Central Alberta Regional Trails Society

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Urban Trails in Central Alberta
 
Several communities in Central Alberta have developed well-used trail systems. Many are part of or linked to The Great Trail (also known as the Trans Canada Trail).
Red Deer Waskasoo Park Trail Map
 
The largest and best known trail system in the region is in the City of Red Deer, (population 100,000) much of which is in Waskasoo Park. The trail system covers more than 110 km and is continually expanding. Citizens of the city have ranked the trail system as one of the most cherished amenities of the community.

The trail system includes three pedestrian bridges across the Red Deer River including an abandoned historic CPR railway bridge. Features along the system include Heritage Ranch, Maskepetoon Nature Park, Great Chief Recreation Park, Bower Ponds, Cronquist House, Great West Adventure Park, Gaetz Lakes Sanctuary, Kerry Wood Nature Centre, Three Mile Bend off-leash dog park, McKenzie Trails, Riverbend Recreation Area, Discovery Canyon, Coronation Park, Rotary Recreation Park, Rotary Picnic Park and Kin Kanyon. Recently, the city has built a trail along the east edge of the city on a berm that will eventually be part of an expressway. Plans are under way to develop a trail system in the north part of city as it develops.

The system connects the historic downtown, City Hall Park, Public Library, and 'The Arches' interpretive pavilion with the Red Deer Museum and Art Gallery, Golden Circle Seniors Centre, Blue Grass Central Spray & Play, Red Deer Recreation Centre, Red Deer Arena, Pidherney Curling Centre, Rotary Skateboard Park, Sunnybrook Farm Museum, Collicutt Centre, Westerner Park, Red Deer Golf & Country Club, River Bend Golf Course, Lions Campground, Mountain Bike Park, Alberta Sports Hall of Fame, Tourism Red Deer and Civic Yards.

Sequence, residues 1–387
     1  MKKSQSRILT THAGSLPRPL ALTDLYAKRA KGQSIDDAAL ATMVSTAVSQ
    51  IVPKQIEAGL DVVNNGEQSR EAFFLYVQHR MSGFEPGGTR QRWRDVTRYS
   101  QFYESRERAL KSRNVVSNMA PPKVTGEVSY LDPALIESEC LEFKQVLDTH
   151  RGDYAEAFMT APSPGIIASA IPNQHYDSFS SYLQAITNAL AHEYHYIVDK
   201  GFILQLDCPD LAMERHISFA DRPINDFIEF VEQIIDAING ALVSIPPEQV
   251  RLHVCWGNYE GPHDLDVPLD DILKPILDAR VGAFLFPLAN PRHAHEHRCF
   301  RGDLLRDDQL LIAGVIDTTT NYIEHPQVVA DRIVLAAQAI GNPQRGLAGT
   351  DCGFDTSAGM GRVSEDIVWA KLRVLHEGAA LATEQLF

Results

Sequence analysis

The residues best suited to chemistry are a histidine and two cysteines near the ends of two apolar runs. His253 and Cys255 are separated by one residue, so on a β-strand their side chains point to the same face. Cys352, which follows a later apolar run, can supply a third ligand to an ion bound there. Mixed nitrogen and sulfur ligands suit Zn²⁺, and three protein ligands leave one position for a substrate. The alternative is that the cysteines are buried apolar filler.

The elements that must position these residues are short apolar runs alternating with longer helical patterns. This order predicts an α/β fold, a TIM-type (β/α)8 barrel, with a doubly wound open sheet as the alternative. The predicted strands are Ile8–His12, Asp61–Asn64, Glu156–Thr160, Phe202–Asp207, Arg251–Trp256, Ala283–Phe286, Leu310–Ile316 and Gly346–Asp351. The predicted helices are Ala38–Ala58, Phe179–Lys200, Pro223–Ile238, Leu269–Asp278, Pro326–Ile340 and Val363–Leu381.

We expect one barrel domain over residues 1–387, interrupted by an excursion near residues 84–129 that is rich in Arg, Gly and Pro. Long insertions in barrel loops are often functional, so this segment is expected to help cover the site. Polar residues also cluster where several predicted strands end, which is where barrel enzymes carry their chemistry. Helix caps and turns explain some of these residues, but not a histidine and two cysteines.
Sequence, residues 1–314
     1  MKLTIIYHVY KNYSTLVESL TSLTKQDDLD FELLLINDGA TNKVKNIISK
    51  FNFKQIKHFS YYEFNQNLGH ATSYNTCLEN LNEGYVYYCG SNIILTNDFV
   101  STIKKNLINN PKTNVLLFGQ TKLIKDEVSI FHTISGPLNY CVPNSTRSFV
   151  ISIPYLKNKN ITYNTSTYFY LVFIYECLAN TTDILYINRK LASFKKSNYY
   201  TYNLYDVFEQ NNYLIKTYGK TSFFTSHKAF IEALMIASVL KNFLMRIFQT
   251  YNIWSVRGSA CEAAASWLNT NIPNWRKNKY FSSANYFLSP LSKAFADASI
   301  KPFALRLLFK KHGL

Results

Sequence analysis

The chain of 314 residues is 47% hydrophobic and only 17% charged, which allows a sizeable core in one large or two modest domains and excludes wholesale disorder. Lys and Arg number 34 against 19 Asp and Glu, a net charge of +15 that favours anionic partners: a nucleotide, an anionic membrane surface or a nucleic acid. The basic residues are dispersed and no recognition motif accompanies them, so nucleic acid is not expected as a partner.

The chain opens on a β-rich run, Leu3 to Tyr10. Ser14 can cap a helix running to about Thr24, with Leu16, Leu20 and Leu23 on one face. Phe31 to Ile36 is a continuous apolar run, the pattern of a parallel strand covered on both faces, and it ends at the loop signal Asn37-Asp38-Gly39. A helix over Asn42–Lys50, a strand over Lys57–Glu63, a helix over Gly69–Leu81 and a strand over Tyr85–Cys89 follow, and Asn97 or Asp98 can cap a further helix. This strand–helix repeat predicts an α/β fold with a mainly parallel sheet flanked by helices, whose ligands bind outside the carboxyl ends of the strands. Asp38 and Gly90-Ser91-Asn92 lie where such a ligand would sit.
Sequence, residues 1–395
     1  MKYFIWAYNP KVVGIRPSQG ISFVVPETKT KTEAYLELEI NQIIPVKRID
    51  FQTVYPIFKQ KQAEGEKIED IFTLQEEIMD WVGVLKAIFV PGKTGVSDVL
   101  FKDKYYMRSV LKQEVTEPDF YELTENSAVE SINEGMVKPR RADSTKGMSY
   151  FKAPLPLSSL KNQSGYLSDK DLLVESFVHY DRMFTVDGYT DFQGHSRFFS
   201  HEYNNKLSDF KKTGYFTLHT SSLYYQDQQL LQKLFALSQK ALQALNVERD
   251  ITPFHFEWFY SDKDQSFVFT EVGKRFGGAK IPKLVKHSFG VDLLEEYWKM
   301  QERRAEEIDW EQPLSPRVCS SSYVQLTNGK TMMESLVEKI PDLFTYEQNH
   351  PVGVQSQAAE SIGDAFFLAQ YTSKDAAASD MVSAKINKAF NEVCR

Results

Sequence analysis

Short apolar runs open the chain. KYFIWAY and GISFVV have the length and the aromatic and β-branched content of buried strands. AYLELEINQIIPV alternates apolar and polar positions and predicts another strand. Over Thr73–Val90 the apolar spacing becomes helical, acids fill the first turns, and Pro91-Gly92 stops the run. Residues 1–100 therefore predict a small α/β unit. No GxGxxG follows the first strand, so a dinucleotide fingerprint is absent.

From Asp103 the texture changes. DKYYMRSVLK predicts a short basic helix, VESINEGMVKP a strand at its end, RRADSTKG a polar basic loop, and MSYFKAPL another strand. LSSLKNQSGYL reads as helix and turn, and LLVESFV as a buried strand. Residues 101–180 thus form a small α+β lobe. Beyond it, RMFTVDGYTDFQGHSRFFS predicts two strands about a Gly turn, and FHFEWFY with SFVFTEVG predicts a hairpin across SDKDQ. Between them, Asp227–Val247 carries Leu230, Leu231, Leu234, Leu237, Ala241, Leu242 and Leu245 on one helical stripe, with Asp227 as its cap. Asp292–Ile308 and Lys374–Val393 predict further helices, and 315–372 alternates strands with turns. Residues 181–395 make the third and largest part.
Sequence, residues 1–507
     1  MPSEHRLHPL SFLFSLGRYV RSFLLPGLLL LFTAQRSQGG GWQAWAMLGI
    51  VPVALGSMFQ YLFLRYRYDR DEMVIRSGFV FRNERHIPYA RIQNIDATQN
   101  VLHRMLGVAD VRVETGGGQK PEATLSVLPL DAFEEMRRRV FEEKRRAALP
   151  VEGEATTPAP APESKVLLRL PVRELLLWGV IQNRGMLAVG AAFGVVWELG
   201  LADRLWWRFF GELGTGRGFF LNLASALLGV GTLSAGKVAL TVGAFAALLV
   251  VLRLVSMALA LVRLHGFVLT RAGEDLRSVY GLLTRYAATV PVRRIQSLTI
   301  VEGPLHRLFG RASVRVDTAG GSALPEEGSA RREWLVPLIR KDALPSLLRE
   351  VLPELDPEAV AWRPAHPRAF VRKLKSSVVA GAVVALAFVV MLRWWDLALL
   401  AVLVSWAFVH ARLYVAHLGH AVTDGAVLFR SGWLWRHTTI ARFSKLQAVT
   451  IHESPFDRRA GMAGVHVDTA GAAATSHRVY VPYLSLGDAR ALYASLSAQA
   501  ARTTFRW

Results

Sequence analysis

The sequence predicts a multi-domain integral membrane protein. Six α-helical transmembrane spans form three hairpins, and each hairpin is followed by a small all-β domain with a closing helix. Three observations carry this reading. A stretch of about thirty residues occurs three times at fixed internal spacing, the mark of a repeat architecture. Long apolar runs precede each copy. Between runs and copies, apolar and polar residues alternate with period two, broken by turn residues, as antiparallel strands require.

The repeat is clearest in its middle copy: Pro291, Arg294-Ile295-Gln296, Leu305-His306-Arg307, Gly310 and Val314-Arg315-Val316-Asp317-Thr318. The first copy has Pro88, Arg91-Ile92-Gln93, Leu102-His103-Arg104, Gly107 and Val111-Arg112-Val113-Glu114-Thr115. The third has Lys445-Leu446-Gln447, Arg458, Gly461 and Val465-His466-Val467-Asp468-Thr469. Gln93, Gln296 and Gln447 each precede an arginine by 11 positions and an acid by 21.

A Trans Canada Trail pavilion was erected near Bower Ponds in 2005.
(Red Deer Waskasoo Trails map 2014)
 
Lacombe Trails MapExtensive trail networks have been developed in the City of Lacombe and the towns of Innisfail, Ponoka, Sylvan Lake, Blackfalds and Penhold. All but Sylvan Lake are partially or mostly part of the Trans Canada Trail (now The Great Trail) system.

Many of the initial trails in the City of Lacombe (population 11,700, 25 km north of downtown Red Deer) were constructed by a lone individual, the late Bill Nielsen, who was very dedicated to trail development. The city has since developed, expanded and upgraded the community trail system to a length of about 16 km. (Lacombe trails map)

Blackfalds Trails MapThe town of Blackfalds (population 9,900, 14 km north of downtown Red Deer) has the only indoor section of Trans Canada Trail in the country. It goes through the Abbey recreation Centre fieldhouse. The town has also completed paved trails linking the Lacombe County trail south to the Blindman River and the Lacombe County trail north to the city of Lacombe. (Blackfalds trails map)

The town of Ponoka (population 7,200, 56 km north of downtown Red Deer), as part of a continual trail development plan, completed a new pedestrian/bicycle bridge across the Battle River in 2010. The Diamond Willow trail system extends 5.2 km.

Sylvan Lake Trails MapThe town of Sylvan Lake (population 15,000, 24 km west of downtown Red Deer) has developed a natural trail system that includes the abandoned CPR/Alberta Central Railway right of way. There is also a lakefront trail and a much more formal promenade along the lake front for a total of 26 km. (
Sylvan Lake trails map)

The town of Penhold (population 3,300, 16 km south of downtown Red Deer) has recently constructed a trail along Waskasoo Avenue linking the community with the Penhold Multiplex and the Penhold Crossing High School. Other trails are in the planning stage.
Innisfail Trails Map
The town of Innisfail (population 7,800, 33 km south of downtown Red Deer) was one of the first communities in Central Alberta to have a section of TransCanada Trail around Dodd's Lake. Since then, a fairly extensive trail system of about 20 km has been developed. The town has recently expanded its trail system around Napoleon Lake, much of it through volunteer efforts. (Innisfail trails map)

The town of Olds (population 9,000, 66 km south of downtown Red Deer) is developing an extensive trail network.

The village of Alix (population 850, 54 km east of downtown Red Deer) has a 6.5-km trail around Alix Lake.

The hamlet of Springbrook (population 1,500, 14 km south of downtown Red Deer) has both paved and gravel trails in a natural area on the south side of the community as well as a trail along Airport Drive.

Red Deer and Red Deer County are in the planning stages of extending the city's Waskasoo Park into the County as the city grows along rivers, tributaries and possibly abandoned railway lines.

 


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